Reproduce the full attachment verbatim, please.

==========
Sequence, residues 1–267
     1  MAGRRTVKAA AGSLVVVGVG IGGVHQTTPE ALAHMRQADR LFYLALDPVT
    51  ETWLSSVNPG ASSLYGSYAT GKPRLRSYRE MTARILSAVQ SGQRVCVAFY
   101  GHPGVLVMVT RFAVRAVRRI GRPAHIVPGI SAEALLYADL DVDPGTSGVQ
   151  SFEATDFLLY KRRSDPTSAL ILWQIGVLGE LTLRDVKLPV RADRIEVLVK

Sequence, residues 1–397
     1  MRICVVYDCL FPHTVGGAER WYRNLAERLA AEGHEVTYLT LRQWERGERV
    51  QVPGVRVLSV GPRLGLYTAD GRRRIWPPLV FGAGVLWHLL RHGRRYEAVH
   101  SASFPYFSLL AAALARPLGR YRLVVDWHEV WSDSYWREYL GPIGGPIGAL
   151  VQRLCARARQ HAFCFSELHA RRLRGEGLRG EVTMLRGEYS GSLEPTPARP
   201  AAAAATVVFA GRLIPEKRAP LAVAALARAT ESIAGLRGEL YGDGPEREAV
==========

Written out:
Sequence, residues 1–267
     1  MAGRRTVKAA AGSLVVVGVG IGGVHQTTPE ALAHMRQADR LFYLALDPVT
    51  ETWLSSVNPG ASSLYGSYAT GKPRLRSYRE MTARILSAVQ SGQRVCVAFY
   101  GHPGVLVMVT RFAVRAVRRI GRPAHIVPGI SAEALLYADL DVDPGTSGVQ
   151  SFEATDFLLY KRRSDPTSAL ILWQIGVLGE LTLRDVKLPV RADRIEVLVK

Sequence, residues 1–397
     1  MRICVVYDCL FPHTVGGAER WYRNLAERLA AEGHEVTYLT LRQWERGERV
    51  QVPGVRVLSV GPRLGLYTAD GRRRIWPPLV FGAGVLWHLL RHGRRYEAVH
   101  SASFPYFSLL AAALARPLGR YRLVVDWHEV WSDSYWREYL GPIGGPIGAL
   151  VQRLCARARQ HAFCFSELHA RRLRGEGLRG EVTMLRGEYS GSLEPTPARP
   201  AAAAATVVFA GRLIPEKRAP LAVAALARAT ESIAGLRGEL YGDGPEREAV